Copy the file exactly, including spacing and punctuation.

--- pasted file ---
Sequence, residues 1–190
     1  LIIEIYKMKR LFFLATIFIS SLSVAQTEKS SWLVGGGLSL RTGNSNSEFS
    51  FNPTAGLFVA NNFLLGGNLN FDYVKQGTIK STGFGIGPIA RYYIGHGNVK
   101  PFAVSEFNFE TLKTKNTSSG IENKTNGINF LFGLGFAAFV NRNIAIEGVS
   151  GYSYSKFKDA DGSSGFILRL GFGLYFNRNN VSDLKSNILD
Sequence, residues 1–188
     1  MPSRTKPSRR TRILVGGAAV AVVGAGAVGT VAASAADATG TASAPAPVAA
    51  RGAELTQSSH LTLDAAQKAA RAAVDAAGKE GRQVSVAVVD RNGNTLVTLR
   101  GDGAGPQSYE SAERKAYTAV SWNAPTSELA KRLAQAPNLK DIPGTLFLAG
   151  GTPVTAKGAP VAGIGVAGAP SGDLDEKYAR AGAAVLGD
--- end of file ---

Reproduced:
Sequence, residues 1–190
     1  LIIEIYKMKR LFFLATIFIS SLSVAQTEKS SWLVGGGLSL RTGNSNSEFS
    51  FNPTAGLFVA NNFLLGGNLN FDYVKQGTIK STGFGIGPIA RYYIGHGNVK
   101  PFAVSEFNFE TLKTKNTSSG IENKTNGINF LFGLGFAAFV NRNIAIEGVS
   151  GYSYSKFKDA DGSSGFILRL GFGLYFNRNN VSDLKSNILD
Sequence, residues 1–188
     1  MPSRTKPSRR TRILVGGAAV AVVGAGAVGT VAASAADATG TASAPAPVAA
    51  RGAELTQSSH LTLDAAQKAA RAAVDAAGKE GRQVSVAVVD RNGNTLVTLR
   101  GDGAGPQSYE SAERKAYTAV SWNAPTSELA KRLAQAPNLK DIPGTLFLAG
   151  GTPVTAKGAP VAGIGVAGAP SGDLDEKYAR AGAAVLGD